Proteinuria in renal disease

Heavy proteinuria is characteristic of glomerular diseases. ‘Nephrotic range’ proteinuria (>3.0g/24h is one definition) is always glomerular. Proteinuria is also an important prognostic indicator for the progression of chronic renal damage.

Relating protein excretion to excretion of creatinine corrects for variations in urine concentration, and measurements of this ratio on single samples can in most circumstances substitute for 24h collections. The conversions shown here are approximately. Those with lower creatinine production will have a higher ratio for a given rate of protein excretion. This conversion assumes a daily creatinine excretion of approx 10 mmol – on the low side for muscular men.

ACR PCR Implication Approx 24h equivalent
>2.5/3.5 >15 Abnormal (ACR values are for male, (female): adequate to define CKD 1 or 2. 150mg protein
30 50 Favour ACE inhibitor/ARB if hypertensive
Commence ACEI/ARB if diabetic
Suffix ‘p’ on CKD stage
70 100 Stricter BP limits apply
Referral threshold in non-diabetics
>250 >300 Approximately ‘nephrotic range’ proteinuria >3g

Note that up to 150mg/24h is normal and about 30mg of this is albumin. A concentration of about 150mg/l corresponds to ‘trace’ on a urine dipstick, and 300mg/l to 1+, but this is obviously affected by urine concentration/dilution.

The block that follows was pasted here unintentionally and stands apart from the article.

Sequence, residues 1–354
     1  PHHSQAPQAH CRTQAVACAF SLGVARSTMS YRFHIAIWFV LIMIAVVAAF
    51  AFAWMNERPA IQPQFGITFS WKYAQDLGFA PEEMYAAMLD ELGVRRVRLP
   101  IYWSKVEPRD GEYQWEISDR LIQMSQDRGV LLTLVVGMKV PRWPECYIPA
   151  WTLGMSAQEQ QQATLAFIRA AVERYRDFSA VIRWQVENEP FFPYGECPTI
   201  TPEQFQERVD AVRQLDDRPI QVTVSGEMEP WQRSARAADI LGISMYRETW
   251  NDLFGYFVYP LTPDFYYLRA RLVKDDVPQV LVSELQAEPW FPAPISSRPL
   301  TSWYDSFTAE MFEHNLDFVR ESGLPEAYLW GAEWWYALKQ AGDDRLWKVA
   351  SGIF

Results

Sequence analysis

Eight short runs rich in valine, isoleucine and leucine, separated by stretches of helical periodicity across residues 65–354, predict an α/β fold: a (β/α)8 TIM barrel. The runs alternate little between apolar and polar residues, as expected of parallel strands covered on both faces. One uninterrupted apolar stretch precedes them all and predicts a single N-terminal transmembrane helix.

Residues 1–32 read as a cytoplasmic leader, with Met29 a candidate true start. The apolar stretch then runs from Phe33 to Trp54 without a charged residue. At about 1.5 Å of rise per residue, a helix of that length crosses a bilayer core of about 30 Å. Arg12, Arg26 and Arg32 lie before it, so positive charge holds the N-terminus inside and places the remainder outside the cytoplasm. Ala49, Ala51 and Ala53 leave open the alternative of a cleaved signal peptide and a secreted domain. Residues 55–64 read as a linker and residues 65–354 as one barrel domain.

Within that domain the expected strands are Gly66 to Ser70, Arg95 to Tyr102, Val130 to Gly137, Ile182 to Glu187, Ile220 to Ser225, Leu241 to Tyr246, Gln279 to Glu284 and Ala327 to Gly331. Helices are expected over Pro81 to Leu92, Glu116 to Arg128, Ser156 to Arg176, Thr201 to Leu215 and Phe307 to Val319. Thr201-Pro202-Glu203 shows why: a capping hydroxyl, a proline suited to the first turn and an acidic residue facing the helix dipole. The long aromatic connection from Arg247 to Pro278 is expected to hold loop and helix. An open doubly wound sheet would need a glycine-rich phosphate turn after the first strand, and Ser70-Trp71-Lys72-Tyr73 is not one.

As proteinuria rises, albumin forms a relatively larger proportion; about 50% at 300mg/l and 70% at 1g/l. So the referral threshold of 100mg/mmol is not very different for albumin and it may be simplest to quote the same.

Reducing proteinuria

Spontaneous or therapeutic reductions in proteinuria are in general good prognostic indicators. Some therapies that reduce proteinuria (ACEI or ARB) have been shown to improve long term renal outcomes in randomized controlled trials. In approximately descending order of evidence

  • ACEI or ARB
  • Improved blood pressure control
  • Simultaneous use of ACEI and ARB
  • Addition of spironolactone
  • Non-dihydropyridine calcium channel blockers
  • Addition of other agents such as endothelin receptor antagonists, PPAR-gamma agonists, etc.
Further information
  • Proteinuria – information for patients from EdRenINFO
  • Management of proteinuria – guideline for management of proteinuria in primary care or other hospital specialities from GP Info
  • UK CKD eGuide on proteinuria


Acknowledgements:   Neil Turner was the main author for this page which was first published in 2001. The last modified date is shown in the footer.